Early in his career Robert Mondavi recognized that he could differentiate his California-made wine from those made in Europe by emphasizing the inherently fruity character of the former. In comparative tastings he habitually badgered guests into conceding that while European wine was often good California wines were “just a bit fruitier” and therefore just a bit better. The reasoning followed this line: because it is made from fruit, wine’s most perfect expression one that most resembles fruit. In his winemaking Mondavi favored an approach that pushed fruit to the fore.
His reasoning and winemaking practice seemed sound enough at the time, so long as one didn’t examine the logic behind either too closely. Why exactly did something that started as fruit have to retain its fruity character in the finished product? Aged Gouda starts out as fresh milk, but a slice of this hard, waxy, dark orange cheese bears so little resemblance to what was squeezed from the udder of a cow you’d never connect the two without being told they’re related. Would we take seriously a person who claimed that cheese should only be made in ways that preserve the taste of fresh milk? Should vodka taste like a potato?
Mondavism, if that’s what we should call it, hasn’t entirely passed from the scene, but it’s being gradually displaced by a new dogmatism that’s really an old dogmatism. It’s the notion that the most important thing in winemaking isn’t preserving a connection to the taste of fruit, but to the taste of the land where the wine originated. I call it an old idea because we know that from the days when the Pharoahs cultivated vines in the Nile delta individual wines were known to express character based on the vineyards they were sourced from, and that this individuated quality was prized.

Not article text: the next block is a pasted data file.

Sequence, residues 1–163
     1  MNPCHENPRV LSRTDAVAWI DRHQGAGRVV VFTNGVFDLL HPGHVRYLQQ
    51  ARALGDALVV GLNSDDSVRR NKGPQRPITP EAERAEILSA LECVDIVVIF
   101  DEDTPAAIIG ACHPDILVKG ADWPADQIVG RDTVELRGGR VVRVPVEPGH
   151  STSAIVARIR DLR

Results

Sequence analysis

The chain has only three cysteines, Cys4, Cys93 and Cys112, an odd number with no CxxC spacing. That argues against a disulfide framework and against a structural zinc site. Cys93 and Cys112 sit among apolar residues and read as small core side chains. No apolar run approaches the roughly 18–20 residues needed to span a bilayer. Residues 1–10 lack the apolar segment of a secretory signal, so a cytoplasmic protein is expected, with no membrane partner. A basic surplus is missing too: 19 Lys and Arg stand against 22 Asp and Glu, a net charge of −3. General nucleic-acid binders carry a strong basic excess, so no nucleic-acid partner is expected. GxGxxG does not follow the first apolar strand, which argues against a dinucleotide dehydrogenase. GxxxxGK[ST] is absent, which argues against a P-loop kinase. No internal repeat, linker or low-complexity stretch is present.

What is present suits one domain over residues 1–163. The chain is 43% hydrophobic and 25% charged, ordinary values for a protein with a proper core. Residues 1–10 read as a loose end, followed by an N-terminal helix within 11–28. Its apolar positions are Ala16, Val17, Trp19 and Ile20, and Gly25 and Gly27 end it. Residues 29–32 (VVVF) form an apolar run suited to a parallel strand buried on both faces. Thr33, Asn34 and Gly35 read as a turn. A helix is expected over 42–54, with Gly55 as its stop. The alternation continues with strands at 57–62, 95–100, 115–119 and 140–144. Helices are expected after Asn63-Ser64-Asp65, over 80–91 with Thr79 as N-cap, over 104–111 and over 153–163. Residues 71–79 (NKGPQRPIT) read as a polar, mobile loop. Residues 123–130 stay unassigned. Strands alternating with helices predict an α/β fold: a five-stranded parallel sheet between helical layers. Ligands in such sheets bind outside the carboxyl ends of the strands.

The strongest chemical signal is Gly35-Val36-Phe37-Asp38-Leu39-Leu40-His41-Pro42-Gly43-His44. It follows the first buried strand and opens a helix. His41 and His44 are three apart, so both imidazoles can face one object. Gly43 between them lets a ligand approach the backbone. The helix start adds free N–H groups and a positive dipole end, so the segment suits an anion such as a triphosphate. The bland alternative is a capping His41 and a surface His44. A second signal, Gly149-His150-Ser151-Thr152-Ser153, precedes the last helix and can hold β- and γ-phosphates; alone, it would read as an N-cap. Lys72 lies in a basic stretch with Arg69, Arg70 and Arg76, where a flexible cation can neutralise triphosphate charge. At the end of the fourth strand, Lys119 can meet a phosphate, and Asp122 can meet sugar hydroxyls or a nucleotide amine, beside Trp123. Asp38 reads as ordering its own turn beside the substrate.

In Burgundy, where religious orders began their survey of vineyard sites early in the Christian era, the tendency of certain plots to express distinctive character in wine was noted from the very outset and informed the whole approach to winemaking there. And though this way of looking at wine was mostly confined to the best vineyards and top properties in this prestige growing region, the last 20 years or so has seen a dramatic emigration of the idea to almost everywhere wine is made. Now that every vineyard site however humble is thought to have a character of its own it’s become a winemaker’s first responsibility to work in a way that throws that character into high relief.
Wine drinkers, too, labor under a new mandate: to find their highest pleasure in detecting and appreciating the marginal differences that ensue from this kind of winemaking.
Of course, there’s still plenty of disagreement about what’s mainly responsible for the expression of individual character in wine, but right now, if you had to bet, you’d be wise to put your money on soils because that’s where the rhetoric is.
In the soil-as-primary-determinant-of-wine-character theory it’s the mineral content and the organization dirt and rock in vineyards that sets the tone for the wine that issues from it, and while science hasn’t yet blessed this hypothesis the notion that geology is destiny seems to have a powerful hold on us. Which begs the question: what is so enthralling about soils anyway, and why are we so ready to find in them a simple answer to what is by all accounts a very complicated problem?
Now that every vineyard site however humble is thought to have a character of its own it’s become a winemaker’s first responsibility to work in a way that throws that character into high relief.